Warren Buffett’s Berkshire Hathaway disclosed recently that it invested US$1 billion in Apple shares. Meanwhile, there have been reports that the legendary investor is backing a consortium that is seeking to bid for Yahoo’s Internet assets.
The reports have drawn a lot of interest as Buffett has avoided technology investments in the past.
It turns out that the move on Apple was taken by two young Berkshire fund managers — Todd Combs and Ted Weschler. Buffett told the Wall Street Journal that his deputies made the decisions on their own.
Berkshire’s latest quarterly report shows that it accumulated 9.81 million Apple shares worth US$1.07 billion, at US$109 per share on average, in the first quarter of this year.
Apple has seen its shares slump to US$90 after the company reported worse-than-expected quarterly earnings in mid-April.
The stock’s slide will however not worry Buffett as value investors like him take a long-term perspective.
Buffett brought the two managers on board in 2011, and gave them each US$10 billion to make investments on their own. Both of them are potential successors if he retires, the billionaire has suggested.
Buffett confirmed in an interview with CNBC that Berkshire has offered to be a potential finance partner for Quicken Loans founder Dan Gilbert for a possible purchase of Yahoo’s core internet business.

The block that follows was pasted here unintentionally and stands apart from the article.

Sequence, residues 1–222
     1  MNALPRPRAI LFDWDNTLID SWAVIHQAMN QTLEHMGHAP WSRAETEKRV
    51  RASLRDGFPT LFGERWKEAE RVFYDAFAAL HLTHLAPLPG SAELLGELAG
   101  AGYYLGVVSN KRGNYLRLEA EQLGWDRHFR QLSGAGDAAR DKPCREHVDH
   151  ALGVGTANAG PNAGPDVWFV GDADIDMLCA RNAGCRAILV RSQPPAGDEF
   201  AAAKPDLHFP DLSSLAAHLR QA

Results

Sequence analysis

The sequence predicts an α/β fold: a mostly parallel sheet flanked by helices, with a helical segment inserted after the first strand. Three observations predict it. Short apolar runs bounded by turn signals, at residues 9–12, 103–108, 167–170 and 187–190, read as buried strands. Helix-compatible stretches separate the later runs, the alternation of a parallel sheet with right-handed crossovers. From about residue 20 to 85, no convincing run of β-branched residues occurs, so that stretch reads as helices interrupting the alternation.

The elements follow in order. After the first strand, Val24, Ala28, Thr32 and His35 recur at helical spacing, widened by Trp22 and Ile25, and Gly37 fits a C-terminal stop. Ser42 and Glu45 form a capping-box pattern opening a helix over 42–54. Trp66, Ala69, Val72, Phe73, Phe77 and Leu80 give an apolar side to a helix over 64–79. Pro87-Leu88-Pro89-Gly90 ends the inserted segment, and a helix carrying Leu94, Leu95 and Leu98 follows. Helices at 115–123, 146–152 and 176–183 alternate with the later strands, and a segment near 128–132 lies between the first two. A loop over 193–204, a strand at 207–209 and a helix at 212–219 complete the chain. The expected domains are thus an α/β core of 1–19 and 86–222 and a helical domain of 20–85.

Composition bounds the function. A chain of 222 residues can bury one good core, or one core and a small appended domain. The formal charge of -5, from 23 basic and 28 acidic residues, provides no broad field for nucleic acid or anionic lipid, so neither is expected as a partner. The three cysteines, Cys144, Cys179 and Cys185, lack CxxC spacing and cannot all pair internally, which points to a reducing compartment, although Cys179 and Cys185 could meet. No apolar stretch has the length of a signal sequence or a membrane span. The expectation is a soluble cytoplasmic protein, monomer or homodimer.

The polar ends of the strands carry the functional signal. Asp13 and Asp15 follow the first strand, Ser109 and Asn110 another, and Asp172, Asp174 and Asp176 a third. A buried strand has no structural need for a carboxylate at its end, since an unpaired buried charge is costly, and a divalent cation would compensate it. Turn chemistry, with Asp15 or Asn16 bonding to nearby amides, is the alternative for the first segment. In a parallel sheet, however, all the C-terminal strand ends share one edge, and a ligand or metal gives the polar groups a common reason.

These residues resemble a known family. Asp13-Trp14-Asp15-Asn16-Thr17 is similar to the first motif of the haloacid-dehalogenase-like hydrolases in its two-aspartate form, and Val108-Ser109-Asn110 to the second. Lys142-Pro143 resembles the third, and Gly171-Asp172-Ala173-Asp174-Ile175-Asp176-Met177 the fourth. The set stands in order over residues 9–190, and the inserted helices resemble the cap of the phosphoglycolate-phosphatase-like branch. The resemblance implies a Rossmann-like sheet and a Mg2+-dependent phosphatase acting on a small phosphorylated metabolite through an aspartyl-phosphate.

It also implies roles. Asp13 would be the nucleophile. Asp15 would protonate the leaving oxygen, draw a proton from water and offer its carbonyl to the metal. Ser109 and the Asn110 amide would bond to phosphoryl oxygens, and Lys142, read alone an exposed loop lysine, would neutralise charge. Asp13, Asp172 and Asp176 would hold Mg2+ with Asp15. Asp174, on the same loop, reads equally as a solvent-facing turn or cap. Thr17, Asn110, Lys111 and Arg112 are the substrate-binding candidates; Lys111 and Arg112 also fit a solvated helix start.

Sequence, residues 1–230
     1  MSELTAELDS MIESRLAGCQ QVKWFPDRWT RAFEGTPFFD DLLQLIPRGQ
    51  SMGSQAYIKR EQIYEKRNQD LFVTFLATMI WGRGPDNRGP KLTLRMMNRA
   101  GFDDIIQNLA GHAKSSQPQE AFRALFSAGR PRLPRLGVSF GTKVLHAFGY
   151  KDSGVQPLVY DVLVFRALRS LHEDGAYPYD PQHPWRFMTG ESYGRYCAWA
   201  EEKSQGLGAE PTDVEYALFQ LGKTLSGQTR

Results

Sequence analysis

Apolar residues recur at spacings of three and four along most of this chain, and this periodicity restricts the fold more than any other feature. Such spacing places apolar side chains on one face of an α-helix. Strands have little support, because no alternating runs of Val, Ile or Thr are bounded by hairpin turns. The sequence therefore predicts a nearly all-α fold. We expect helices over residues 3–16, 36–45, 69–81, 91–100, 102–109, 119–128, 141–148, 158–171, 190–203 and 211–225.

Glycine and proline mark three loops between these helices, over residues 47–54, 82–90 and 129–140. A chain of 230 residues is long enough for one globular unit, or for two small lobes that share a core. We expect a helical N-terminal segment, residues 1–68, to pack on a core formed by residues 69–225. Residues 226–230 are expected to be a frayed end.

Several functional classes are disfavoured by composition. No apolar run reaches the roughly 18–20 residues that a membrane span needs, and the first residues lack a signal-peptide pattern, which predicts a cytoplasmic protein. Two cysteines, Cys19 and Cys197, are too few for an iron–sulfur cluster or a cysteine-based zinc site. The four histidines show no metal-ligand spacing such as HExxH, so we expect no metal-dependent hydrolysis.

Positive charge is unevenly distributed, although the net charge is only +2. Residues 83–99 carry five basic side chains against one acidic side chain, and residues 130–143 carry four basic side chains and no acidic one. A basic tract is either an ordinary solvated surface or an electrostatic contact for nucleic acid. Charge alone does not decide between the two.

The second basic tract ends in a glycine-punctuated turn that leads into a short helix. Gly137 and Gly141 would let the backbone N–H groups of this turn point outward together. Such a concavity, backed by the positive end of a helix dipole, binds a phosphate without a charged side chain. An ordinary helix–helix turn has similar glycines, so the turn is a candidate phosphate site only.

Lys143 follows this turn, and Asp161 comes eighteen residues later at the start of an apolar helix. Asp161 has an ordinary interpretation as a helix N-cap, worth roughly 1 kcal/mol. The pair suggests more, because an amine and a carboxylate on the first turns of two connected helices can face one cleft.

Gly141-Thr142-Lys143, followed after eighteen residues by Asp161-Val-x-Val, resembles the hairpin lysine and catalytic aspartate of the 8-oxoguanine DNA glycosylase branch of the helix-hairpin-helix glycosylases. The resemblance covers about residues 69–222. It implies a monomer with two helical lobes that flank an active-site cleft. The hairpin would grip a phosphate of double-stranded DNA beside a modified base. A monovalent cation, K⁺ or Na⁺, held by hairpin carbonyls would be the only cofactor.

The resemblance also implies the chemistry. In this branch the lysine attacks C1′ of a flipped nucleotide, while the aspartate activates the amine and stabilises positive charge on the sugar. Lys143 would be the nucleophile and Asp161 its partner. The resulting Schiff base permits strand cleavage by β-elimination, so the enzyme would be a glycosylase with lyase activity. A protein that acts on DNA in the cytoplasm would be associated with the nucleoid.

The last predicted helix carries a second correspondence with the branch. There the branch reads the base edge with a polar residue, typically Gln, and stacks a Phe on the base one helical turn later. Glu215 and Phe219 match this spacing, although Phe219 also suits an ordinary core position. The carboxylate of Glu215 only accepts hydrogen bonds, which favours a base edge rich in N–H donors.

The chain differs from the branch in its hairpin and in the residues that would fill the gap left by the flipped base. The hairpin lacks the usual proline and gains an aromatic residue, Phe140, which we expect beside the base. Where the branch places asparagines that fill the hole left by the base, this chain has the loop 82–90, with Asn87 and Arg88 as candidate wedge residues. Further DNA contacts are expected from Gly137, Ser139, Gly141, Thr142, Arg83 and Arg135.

Yahoo’s share price has been struggling for years, and the company’s management said in February that it would offload its Internet business including search platform.
Yahoo remains the fifth largest Web property in the world despite suffering intensifying competition from its rivals.
According to the Wall Street Journal, several parties, including TPG, Bain Capital and Vista Equity Partners, were interested in bidding for Yahoo’s assets. Due to the strong interest, the valuation of the assets has surged from US$3 billion to US$8 billion.
At a Berkshire annual meeting last month, Buffett made a mention of Yahoo, saying the Internet firm had some good assets but saw its fortunes deteriorate in recent years due to a series of “clearly failed” acquisitions.
He said the company has to make some changes to bring its business back on track.
Interestingly, Berkshire chose Yahoo to host the first-ever live stream of the former’s annual shareholders meeting, rather than other more popular platforms like Google or YouTube.
In 2010, former Yahoo president and chief financial officer Susan Decker joined Berkshire’s board as director.
Decker said in an interview early this month that Yahoo has lost its core value for users as the company has become mediocre in many properties.
Yahoo needs to “create a distinction in consumers” minds as to why they should still love the platform, she said.
It would appear that Decker has played a big role in Berkshire’s purported move to support a consortium’s bid for Yahoo, and that there is a good plan to turn the company around.
This article appeared in the Hong Kong Economic Journal on May 18.
Translation by Julie Zhu
[Chinese version 中文版]
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